- Roll pallets/trucks. Eases unloading/loading
and promotes fast vehicle turnaround. Requires increased capital expenditure and
more internal space in the laundry. However, bulk packing in the laundry direct
to pallets could also increase output.
- Loose stacked laundry bags. Full
utilisation of vehicle body space possible but slow turnaround of vehicle. Potential
for soiled laundry bags to be dragged or thrown, causing damage to bags or contents.
Internal laundry storage can also
affect reception and turnaround. Monorails slow down storage procedures compared
to stacked laundry bags. Rail systems may also require increased building capacity.
Basic requirements -
to store incoming soiled linen in the most economical and convenient manner and
then to transmit it is a suitable form to the sorting room.
In recent years it has become increasingly
popular in large laundries in the UK and elsewhere to adopt a system of storing
soiled linen in overhead monorail conveyor systems. The theory underlying these
systems is that containers are unloaded from collecting vehicles directly onto the
system; that soiled linen is delivered to sorting and classifying stations as required.
The conveyor systems may be fully powered; fully gravity assisted; or a combination
of both, depending on the operational or building constraints.
The operation of the system required
fully integrated distribution system of transport and containers to operate effectively.
Difficulties will occur where these aspects have not been fully considered.
It has been noted that in almost
all situations where overhead monorail storage is used, an essential item of equipment
is a long pole! This indicates one of the numerous problems that can arise using
the monorail system for storage.
An alternative to the monorail storage
is to stack the incoming soiled linen containers on the floor of the reception area.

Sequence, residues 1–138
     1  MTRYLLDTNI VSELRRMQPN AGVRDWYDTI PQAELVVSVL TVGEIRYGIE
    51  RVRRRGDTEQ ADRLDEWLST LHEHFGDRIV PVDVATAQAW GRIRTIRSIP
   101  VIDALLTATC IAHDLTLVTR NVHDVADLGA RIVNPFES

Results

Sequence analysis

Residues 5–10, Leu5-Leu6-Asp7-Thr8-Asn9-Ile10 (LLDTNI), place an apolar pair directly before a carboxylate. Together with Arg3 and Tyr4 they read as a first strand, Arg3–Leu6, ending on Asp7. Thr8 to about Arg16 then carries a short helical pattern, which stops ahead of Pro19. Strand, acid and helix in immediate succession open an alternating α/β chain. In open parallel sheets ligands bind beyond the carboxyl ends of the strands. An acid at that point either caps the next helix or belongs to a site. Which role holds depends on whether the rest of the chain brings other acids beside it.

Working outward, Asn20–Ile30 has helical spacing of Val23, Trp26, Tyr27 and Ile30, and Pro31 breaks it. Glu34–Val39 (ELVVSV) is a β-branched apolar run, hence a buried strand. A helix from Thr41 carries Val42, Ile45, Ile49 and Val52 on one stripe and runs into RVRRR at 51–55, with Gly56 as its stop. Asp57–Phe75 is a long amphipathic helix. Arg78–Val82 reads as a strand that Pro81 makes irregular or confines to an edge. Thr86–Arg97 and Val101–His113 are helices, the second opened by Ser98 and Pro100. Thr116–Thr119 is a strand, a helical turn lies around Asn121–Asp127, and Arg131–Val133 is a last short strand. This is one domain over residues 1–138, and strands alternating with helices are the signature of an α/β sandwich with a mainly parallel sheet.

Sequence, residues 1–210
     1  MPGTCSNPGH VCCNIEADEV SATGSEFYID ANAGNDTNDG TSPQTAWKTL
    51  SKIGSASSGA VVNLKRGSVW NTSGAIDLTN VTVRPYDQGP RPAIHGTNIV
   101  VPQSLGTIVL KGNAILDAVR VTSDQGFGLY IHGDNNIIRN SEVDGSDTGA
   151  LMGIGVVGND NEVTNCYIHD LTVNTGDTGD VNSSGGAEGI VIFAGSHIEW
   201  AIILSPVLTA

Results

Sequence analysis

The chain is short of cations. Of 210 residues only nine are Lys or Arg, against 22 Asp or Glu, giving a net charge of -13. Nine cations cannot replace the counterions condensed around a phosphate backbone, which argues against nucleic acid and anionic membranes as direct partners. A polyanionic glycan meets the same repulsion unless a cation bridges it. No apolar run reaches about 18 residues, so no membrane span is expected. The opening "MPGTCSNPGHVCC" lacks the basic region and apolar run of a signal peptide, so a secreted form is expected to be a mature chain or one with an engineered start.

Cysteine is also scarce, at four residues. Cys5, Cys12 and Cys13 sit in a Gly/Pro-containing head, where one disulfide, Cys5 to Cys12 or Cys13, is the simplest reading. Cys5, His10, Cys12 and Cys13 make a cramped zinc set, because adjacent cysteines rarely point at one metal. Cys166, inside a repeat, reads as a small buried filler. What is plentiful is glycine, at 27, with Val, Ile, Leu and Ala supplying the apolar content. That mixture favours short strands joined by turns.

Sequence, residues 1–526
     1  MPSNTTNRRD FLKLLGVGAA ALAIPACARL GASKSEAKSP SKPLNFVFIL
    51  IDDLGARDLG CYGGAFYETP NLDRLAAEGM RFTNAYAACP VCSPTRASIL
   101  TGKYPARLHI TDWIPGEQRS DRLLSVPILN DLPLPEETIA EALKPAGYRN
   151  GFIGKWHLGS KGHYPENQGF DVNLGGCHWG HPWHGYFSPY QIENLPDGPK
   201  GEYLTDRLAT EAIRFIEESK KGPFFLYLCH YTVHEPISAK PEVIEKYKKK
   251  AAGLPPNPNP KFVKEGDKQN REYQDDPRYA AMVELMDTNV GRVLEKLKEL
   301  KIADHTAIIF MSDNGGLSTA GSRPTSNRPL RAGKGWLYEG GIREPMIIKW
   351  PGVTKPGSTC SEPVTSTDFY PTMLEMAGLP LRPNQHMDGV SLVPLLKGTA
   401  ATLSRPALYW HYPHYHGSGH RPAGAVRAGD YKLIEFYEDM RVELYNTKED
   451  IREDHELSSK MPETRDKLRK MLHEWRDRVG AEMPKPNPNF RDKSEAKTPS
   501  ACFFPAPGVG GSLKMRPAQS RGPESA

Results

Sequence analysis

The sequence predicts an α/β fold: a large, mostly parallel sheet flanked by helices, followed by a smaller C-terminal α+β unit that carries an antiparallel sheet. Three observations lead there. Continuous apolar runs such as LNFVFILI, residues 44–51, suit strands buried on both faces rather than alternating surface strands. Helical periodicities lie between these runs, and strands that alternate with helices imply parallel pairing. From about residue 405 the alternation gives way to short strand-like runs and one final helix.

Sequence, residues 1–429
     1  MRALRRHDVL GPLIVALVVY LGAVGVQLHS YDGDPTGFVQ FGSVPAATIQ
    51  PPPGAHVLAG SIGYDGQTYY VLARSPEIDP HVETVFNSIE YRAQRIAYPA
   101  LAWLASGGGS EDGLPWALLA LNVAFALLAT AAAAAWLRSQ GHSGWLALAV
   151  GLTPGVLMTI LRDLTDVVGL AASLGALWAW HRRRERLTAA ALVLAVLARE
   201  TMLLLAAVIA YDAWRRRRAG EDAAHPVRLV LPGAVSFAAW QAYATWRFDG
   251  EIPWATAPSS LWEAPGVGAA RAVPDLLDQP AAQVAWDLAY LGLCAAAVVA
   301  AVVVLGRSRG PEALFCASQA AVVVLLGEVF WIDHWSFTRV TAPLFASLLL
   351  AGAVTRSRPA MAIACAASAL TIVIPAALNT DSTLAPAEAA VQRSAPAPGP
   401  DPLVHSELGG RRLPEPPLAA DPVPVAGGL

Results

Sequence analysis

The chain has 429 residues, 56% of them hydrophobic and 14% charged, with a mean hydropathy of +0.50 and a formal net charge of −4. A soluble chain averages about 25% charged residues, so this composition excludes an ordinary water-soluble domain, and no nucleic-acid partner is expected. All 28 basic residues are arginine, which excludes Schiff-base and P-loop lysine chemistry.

This is the most common approach in large South African laundries. This system presents
- The cost of the conveyor system
is avoided. This includes the support system which, if suspended from the roof,
necessitates considerable strengthening of the fabric of the building.
- Roof heights can be considerably
reduced which also can be reflected in lower building costs.
- Although standard containers
are desirable they are not essential since the system does not dictate their use.
- If it is necessary to segregate
certain containers for priority processing, these can be separately stacked and
are thus immediately available as and when required.
- Area for area, much more soiled
linen can be stored. As an example: 11 tonnes of soiled linen can be stored in four
stacks to a height of 1,5m on a floor area 15m x 8m allowing 1,8m circulation space
around the stacks. An equivalent mass stored on a single tier monorail system would
require a conveyor of about 15m x 19,5m.
If a floor storage system is adopted,
means must be devised for drawing of soiled linen for classifying. This may conveniently
be done by providing a wide flat belt conveyor linking the reception/storage area
with the sorting area and discharging it's load directly onto a sorting conveyor.
Such a link conveyor needs to be at a low level so that the contents of the soiled
linen bags may easily be emptied onto it and it should be of sufficient length to
provide a buffer stock of soiled linen in order that the work of the sorting operators
shall not be interrupted.
The advantages of such a system are
- Soiled linen received in any
form other than standard containers can be handed forward with equal facility.
- The engineering maintenance commitment
with flat belt conveyors is usually considerably less than with more sophisticated
overhead monorails with their complications of carrier wheels, points, switches,
- Floor stacking is a speedier
operation than monorail conveyor loading and hence vehicle turnaround times are
reduced, leading to improved vehicle utilisation.
Sorting, Classifying and subsequent
Basic requirements -
To sort the incoming soiled linen, received as a random mix, into classifications
appropriate to subsequent washing and finishing processes and to store the classified
linen in sufficient quantities to allow the washrooms to function without interruption.
There are many ways in which soiled
linen may arrive at the sorting room. There are some instances where containers
are simply emptied onto tables or floors. For large laundries consideration should
be given to the situation where a stream of soiled linen flows along a band conveyor
or where it is deposited in discrete piles on individual sorting tables. Sorting